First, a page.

In Hong Kong, we experienced what it’s like to be in the most crowded place on earth. While there, we met with a man who works to send Bibles into China. Sarita and I were not sure why his work was necessary. After all, the government is cooperating with the International Bible Societies in its Amity Press Bible printing effort. Our contact’s response was most enlightening.
In keeping with the “cosmetic culture” idea to which we had been introduced by a mission leader in Bangkok two weeks earlier (“Cosmetic culture”: the most important thing is how things look on the outside; not how they are on the inside), he noted several things:
- Amity Press boasts of printing and distributing inside China between 40 and 50 million Bibles in its first 20 years of production (through 2006). (You can see and hear these numbers on an Amity YouTube video posted by the Bible Society of New South Wales, Australia, who are heavily involved in sponsoring the Press.)
- If you look at the Amity page I referenced above, you'll see even higher numbers.
- Beyond production, as Peter Dean, Assistant to the General Manager of Amity notes in the YouTube video (beginning at about 4:54), there are 70 main distribution points for these Bibles, and vans take the Bibles out from there.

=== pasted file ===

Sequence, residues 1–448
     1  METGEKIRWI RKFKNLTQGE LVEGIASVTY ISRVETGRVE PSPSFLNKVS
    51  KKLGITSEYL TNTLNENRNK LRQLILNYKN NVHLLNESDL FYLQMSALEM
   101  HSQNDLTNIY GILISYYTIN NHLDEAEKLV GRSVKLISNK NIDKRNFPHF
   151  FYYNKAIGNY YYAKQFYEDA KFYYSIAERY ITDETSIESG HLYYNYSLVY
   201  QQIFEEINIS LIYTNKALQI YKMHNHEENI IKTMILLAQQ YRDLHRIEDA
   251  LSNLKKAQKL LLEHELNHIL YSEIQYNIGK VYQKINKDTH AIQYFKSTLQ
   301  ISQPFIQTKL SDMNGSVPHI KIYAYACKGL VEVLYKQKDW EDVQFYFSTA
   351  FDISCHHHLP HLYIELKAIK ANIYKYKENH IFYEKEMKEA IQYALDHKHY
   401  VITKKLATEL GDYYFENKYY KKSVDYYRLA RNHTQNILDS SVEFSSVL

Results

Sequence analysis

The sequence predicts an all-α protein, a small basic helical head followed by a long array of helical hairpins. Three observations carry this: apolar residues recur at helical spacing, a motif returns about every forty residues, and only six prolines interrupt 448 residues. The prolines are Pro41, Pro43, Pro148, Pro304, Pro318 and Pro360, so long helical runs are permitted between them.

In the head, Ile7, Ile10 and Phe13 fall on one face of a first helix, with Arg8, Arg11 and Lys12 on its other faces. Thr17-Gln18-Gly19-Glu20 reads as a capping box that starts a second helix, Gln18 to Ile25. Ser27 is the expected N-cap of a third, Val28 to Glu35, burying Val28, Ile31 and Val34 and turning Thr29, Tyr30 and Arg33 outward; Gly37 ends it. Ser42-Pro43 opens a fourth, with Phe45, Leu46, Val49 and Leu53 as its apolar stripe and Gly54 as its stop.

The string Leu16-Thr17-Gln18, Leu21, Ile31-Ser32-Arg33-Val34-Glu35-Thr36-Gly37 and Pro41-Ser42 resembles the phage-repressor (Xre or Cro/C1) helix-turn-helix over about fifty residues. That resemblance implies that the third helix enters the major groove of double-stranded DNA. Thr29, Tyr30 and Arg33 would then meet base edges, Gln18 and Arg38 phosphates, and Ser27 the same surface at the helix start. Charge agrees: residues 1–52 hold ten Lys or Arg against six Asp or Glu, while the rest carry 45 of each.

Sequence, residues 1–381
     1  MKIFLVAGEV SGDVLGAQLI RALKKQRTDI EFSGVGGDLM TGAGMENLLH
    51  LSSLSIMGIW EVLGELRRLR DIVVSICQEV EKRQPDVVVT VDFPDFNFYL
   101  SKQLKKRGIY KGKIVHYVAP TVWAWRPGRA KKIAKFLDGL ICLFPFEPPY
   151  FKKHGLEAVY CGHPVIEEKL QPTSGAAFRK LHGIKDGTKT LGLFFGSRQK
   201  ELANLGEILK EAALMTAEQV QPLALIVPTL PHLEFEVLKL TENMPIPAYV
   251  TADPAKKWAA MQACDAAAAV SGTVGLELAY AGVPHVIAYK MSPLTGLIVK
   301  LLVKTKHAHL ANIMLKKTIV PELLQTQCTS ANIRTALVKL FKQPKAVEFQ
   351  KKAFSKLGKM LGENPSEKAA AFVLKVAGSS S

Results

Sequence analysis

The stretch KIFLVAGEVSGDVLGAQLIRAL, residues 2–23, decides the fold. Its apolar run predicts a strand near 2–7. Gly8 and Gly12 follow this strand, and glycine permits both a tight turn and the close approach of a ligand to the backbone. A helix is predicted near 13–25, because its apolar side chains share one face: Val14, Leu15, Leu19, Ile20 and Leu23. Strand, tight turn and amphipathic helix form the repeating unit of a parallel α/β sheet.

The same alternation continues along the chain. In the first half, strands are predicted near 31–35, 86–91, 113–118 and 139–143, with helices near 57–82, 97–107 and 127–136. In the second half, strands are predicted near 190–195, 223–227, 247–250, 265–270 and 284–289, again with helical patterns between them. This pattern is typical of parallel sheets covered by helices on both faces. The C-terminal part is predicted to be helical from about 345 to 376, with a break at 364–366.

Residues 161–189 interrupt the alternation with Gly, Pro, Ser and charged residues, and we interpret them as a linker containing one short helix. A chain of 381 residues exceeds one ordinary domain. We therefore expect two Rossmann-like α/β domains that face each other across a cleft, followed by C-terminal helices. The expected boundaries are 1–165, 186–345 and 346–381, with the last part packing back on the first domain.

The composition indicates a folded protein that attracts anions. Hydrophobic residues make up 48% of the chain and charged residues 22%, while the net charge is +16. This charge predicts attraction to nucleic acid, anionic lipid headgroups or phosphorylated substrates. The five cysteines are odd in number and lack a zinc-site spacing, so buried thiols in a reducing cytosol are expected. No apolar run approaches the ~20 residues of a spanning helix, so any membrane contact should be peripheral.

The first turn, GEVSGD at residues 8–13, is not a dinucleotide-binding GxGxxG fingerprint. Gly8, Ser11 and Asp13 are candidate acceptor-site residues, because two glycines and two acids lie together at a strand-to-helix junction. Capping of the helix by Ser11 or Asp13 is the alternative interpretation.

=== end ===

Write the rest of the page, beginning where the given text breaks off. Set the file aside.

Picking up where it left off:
- You've got to recognize that there are between 100 and 150 million Chinese believers in China! Even with all the production since 1986, there may have been one Bible printed for every two believers.
- Notice that the numbers Amity quotes are from the beginning of production. How many well-used Bibles still exist twenty years after they were printed? Especially when they are used and stored in rough conditions—without air conditioning and surrounded by the dirt, insects and rodents common to rural environments in China?
- China’s land mass is equivalent to the United States (including Alaska and Hawaii) minus Minnesota. Imagine that you could acquire a Bible only by traveling from wherever you are—and you probably don't own a car and don't own a motorcycle!—and you have to go to the distribution point closest to you—a hundred, and possibly several hundred miles away from where you live. Moreover, when you get there, you discover that the store happens to be out of stock at the moment, or, while your friends and you all decided to go in together to buy a bunch of Bibles at one time, the distribution point will permit you to pick up only 10 Bibles. –Can we call it what it is? It’s a major inconvenience at least, and a major expense in time and money.